There also needs to be a perceived reward on completion of the activity.  This is usually the sense of meeting a challenge and pushing themselves beyond their usual comfort zone.  This is referred to as an intrinsic reward, as it comes from within.  There may also be extrinsic awards such as a trophy.  An example would be gaining a place in a white-water kayaking race.

A sense of escapism is also important for an activity to be considered adventurous.  This is why most adventure tourism operations occur in natural areas.  In this way people can feel that they are really escaping from their normal lives.  A person might experience heightened senses, an adrenalin rush or a sense of calm following the experience.  Again, it is important to remember that adventure can mean different things to different people.  Sailing a boat around the Greek Islands may seem adventurous to some but not to others.


Activities associated with adventure can be categorized into the following:

  • Physical – e.g. hiking, mountain-biking and hang gliding.
  • Nature-based – e.g. bushwalking, birdwatching.
  • Cultural – e.g. pilgrimages.
  • Travel/Exploration – e.g. long-distance sailing, Silk Road treks.

These activities form niche markets within the tourism industry based on the activity undertaken and their setting.  They can vary in their “adventure” rating.  Guided garden tours would be considered not to be very adventurous, whereas camping in the Andes would be considered extremely adventurous.

Nature-based tourism can fall into both categories of “ecotourism” and “adventure tourism”.  However, nature-based tourism would not necessarily be classed as "ecotourism". Ecotourism embraces the principles of sustainable tourism, concerning the economic, social and environmental impacts of tourism, and as such is more specifically determined than simply being nature-based tourism. The type of tourism will depend upon the location of the activity, remoteness and degree of difficulty.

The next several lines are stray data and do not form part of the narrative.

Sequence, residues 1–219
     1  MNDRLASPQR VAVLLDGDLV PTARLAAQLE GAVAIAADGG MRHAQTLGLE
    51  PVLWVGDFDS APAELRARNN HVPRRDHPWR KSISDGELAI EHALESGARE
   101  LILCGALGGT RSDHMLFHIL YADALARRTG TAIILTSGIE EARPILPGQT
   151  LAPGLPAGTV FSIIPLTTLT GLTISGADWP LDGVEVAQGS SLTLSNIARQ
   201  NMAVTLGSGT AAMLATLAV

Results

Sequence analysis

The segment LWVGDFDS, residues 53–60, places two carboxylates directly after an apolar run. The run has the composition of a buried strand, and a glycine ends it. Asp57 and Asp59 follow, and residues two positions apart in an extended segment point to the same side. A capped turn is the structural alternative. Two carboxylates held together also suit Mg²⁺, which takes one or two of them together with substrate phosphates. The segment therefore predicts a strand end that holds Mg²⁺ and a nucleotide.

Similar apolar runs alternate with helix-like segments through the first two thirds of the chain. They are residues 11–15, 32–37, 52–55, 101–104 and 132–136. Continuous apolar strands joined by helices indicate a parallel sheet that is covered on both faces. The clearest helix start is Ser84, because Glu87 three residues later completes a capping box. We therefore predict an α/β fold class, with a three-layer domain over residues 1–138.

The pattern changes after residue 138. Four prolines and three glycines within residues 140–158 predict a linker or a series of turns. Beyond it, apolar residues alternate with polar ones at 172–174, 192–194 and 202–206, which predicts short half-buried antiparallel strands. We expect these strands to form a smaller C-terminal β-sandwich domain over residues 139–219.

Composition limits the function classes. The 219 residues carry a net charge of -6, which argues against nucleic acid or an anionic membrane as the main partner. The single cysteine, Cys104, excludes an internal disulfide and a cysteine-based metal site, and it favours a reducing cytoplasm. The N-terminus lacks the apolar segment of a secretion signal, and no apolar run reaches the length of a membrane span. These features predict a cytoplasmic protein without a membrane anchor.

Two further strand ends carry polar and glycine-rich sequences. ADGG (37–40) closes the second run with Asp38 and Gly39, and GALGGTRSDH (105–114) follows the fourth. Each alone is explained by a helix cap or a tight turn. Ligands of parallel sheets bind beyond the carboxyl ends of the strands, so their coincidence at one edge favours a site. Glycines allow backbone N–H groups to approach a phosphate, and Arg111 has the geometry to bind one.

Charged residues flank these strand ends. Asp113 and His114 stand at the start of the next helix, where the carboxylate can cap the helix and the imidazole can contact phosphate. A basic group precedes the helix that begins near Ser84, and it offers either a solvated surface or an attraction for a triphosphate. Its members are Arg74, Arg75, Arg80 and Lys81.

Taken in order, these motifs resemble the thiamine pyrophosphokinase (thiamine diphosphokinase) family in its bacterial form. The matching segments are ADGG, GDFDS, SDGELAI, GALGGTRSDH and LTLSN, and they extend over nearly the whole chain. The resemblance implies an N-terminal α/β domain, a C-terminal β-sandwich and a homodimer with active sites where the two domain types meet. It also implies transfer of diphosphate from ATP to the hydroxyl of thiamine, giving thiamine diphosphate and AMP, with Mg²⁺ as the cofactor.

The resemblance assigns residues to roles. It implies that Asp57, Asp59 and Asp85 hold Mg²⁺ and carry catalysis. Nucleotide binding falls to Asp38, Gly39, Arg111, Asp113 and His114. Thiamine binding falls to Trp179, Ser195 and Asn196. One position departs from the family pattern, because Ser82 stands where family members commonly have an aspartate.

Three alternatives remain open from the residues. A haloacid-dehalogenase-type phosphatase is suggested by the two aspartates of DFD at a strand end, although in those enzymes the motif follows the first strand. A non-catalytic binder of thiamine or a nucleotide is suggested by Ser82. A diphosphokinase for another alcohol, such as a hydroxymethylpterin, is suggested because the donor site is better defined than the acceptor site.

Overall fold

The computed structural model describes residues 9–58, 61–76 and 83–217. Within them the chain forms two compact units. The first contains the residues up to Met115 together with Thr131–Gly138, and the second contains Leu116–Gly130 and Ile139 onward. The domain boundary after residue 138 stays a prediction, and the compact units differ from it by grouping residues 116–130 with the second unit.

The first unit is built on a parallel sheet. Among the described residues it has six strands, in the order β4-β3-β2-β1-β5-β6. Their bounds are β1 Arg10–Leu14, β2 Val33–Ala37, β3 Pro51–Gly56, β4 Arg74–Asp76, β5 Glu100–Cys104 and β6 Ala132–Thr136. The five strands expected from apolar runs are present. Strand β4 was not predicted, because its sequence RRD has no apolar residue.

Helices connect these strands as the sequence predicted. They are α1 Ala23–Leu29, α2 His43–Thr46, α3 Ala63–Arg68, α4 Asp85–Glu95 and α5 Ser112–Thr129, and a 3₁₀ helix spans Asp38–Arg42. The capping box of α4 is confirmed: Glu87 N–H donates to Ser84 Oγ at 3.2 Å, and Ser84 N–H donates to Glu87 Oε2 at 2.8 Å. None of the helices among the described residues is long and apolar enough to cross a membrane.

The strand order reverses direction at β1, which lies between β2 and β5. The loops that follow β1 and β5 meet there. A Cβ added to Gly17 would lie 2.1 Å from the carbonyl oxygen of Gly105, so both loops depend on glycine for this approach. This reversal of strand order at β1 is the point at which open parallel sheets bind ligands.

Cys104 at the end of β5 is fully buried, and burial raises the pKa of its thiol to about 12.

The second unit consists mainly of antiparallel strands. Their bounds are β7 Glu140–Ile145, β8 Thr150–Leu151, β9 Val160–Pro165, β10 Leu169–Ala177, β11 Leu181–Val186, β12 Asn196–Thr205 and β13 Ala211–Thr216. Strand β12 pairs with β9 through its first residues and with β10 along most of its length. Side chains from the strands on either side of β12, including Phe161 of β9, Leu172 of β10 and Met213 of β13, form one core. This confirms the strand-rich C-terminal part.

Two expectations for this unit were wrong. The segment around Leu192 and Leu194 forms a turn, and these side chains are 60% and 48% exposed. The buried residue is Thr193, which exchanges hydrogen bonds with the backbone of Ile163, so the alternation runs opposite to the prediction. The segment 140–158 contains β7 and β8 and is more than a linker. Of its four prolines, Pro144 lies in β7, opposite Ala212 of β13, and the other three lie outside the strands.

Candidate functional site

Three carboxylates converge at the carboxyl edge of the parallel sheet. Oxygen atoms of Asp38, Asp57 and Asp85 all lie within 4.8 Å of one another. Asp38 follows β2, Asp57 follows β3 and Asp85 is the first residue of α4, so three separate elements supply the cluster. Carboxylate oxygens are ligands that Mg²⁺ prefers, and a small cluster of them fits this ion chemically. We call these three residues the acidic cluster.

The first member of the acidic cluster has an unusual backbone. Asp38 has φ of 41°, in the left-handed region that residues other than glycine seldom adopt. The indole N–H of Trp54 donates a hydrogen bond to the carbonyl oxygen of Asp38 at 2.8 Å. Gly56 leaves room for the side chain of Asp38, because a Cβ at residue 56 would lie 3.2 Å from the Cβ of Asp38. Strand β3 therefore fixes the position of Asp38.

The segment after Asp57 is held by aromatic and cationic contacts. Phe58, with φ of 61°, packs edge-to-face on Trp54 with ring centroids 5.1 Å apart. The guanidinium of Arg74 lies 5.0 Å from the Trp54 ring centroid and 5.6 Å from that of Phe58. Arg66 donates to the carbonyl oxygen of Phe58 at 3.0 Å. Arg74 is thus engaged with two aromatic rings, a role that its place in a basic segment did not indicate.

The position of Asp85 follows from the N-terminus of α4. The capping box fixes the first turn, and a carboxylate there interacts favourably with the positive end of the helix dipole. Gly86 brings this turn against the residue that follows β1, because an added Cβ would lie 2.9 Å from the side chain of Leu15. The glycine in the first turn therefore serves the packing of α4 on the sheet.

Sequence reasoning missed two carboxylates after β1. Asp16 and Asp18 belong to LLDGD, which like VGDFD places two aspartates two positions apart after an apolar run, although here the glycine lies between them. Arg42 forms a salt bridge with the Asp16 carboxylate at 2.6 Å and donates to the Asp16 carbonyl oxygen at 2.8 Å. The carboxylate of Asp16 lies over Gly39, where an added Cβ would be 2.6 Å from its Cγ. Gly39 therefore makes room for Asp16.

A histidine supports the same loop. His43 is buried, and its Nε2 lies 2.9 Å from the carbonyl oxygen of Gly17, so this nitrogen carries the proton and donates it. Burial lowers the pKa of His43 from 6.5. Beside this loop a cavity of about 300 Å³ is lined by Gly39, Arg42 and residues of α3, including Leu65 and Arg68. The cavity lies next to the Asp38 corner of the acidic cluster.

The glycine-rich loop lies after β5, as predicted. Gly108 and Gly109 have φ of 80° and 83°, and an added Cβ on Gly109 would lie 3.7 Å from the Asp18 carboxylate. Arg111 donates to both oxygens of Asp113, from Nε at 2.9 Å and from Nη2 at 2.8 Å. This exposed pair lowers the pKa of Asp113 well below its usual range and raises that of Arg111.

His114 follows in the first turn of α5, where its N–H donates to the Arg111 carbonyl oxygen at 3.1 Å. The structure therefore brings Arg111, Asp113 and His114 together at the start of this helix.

Do you know the full range of careers available in Adventure Tourism?

As a rapidly developing industry, there are a great range of careers available for roles in supporting or conducting Adventure Tourism business. Whether you are looking to develop your own business, or a career, or becoming an ecotour manager or tour guide we have a great selection of courses to choose from which will develop your understanding, skills, and practical knowledge.

Our courses include:

Adventure Tourism
Ecotour Management
Certificate In Adventure Tourism

Further links to courses of interest, and directories can be found at the bottom of this page.

If you are considering studying, and need help in determining which study path to follow, why not get in touch with our highly knowledgeable specialist Ecotour and Adventure tutors today? They will be happy to answer your questions, and explain the different study options which we have available.